This may include games where you use the Joy-Con to aim at the screen, like the second playing in Mario Odyssey. Or games where you use the Joy-Con as the main player and target with motion, like Western 1849 Reloaded. Then there are games where you perform motions with the Joy-Con controllers to interact with the world or propel yourself forward, like Snipperclips or Go Vacation.
Video games offer an opportunity to inhabit another body. Whether we step into the powerful frame of a trained marksman or brave adventurer, while we play we have a different sense of our physicality.
This is not only an enjoyable way to escape the reality of daily life but a chance to reflect on and understand ourselves, and our bodies, better. Stepping into the shoes of a vulnerable, small or endangered character can help us understand for a short while some of what it is like to be someone else.
Whether this is into the awkward teenage years of Mord and Ben in Wide Ocean Big Jacket
, the grandparent-escaping Tiger and Bee in Kissy Kissy
, the fractured heartbroken body in Gris
or the haphazard movement of Octodad
we have a chance to reassess our own physicality and how we respond to and treat other people's physicality.
More specifically, to use body therapy language, games offer us a chance to discover the inviolability of our bodies, personal autonomy, self-ownership, and self-determination. In travel, as Andrew Soloman says, we go somewhere else to see properly the place where we have come from. In video games, we step into other bodies so we can better understand our own and those of the people around us.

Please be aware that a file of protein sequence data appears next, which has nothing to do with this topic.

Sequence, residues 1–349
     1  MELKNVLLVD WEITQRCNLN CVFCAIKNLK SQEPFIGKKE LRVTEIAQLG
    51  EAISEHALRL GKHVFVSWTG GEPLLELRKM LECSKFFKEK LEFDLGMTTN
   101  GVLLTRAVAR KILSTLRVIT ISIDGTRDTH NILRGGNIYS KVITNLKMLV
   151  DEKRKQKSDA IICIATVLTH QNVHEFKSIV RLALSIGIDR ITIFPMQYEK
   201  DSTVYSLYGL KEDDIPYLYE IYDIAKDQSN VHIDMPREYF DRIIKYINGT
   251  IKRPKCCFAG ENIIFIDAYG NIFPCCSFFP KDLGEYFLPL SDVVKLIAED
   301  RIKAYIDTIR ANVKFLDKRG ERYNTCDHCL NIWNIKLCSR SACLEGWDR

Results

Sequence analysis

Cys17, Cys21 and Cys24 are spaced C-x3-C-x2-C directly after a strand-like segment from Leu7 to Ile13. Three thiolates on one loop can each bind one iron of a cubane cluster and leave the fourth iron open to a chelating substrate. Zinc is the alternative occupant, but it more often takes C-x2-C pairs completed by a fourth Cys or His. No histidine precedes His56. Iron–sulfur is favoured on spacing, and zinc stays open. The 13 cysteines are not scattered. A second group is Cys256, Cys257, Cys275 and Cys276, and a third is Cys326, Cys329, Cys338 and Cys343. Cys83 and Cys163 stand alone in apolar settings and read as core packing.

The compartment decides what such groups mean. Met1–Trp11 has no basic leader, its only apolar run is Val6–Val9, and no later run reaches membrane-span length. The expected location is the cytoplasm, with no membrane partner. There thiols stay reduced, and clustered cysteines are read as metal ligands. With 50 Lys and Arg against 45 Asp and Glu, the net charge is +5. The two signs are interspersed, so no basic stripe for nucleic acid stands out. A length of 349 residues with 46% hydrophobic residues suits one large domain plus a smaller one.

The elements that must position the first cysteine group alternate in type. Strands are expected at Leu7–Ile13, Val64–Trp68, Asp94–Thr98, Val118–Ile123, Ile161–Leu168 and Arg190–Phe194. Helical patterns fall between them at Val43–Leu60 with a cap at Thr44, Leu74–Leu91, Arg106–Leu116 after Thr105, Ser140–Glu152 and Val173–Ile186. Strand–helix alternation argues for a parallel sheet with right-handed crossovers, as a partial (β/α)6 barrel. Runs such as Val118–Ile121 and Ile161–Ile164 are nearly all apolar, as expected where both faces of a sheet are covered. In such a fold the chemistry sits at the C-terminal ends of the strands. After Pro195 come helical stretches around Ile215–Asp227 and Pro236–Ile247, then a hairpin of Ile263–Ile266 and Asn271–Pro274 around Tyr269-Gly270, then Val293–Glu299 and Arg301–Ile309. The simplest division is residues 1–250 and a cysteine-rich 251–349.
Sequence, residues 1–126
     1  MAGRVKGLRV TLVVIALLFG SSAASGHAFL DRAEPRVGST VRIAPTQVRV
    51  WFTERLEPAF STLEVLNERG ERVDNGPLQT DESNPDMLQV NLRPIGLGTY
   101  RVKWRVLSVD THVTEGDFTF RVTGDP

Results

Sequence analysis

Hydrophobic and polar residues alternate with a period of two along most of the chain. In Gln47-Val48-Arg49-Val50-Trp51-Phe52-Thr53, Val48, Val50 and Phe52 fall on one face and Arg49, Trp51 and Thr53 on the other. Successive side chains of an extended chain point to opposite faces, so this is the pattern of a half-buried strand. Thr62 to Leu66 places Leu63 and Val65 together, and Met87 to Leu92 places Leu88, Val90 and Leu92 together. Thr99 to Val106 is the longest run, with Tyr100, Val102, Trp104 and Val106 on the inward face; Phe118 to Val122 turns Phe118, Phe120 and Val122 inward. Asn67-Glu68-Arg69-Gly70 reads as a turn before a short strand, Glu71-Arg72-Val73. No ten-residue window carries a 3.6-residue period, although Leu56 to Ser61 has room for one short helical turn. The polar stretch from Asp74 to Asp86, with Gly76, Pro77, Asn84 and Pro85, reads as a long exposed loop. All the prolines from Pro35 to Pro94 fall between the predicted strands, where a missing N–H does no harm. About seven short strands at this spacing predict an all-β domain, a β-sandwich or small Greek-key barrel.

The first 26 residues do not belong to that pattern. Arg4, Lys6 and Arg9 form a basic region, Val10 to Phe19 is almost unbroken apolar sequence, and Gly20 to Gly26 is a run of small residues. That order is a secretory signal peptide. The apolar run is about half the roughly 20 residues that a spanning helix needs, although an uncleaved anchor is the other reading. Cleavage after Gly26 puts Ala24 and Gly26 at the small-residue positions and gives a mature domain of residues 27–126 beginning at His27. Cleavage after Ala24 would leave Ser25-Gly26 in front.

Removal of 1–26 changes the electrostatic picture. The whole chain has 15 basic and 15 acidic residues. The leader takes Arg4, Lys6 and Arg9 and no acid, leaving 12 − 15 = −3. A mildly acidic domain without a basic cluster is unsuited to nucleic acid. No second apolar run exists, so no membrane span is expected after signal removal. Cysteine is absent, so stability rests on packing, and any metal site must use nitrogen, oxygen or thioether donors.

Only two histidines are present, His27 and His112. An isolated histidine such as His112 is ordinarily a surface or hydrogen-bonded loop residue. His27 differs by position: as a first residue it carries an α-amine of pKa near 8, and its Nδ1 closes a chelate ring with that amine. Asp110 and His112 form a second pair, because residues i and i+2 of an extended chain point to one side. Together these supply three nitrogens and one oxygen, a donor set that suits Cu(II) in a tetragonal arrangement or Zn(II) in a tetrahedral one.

Games offer us challenges on many levels. When someone plays a game too much it’s easy to think they are taking an easy route to something entertaining, like junk food. But video games are generally hard work. It takes time to understand their systems, mechanics, objectives and worlds.
There are a small group of games that hone this challenge down to the mechanics of moving around the environment. Whereas many games simplify getting around, these games make the complexity and depth of their movement systems part of the joy of playing them.
Rather than relying on the stats of your character or player, you have to execute the moves yourself with timing proficiency and instinct. Rather than offering assistance, these games leave you to it. Whether you rise through the league tables, or just improve compared to your family, the satisfaction or getting to grips with something so monumentally challenging is really satisfying.
This might be understanding how the propulsion of your car lets you take to the air and hit a perfect shot in Rocket League. Or, perhaps, it’s using the limited running and jumping slightly better than other players to get a win in Fall Guys
. Maybe it’s learning the perfect combination of angles and trajectories in Videoball
. Or it could be learning the complex move lists in a game like Street Fighter.
These games all have in common, a complex control system that can be put to use in imaginative and creative ways to get the edge over your opponents.
Sometimes you just want to play the hero. These games are violent and include shooting but, as with B-movies and 1980s TV series, it’s as much about the quips, characters and fantasy settings as it is about killing. The drama may be peppered with cinematic gunfire but, like those TV series, the real draw is spending time with the heroes every week.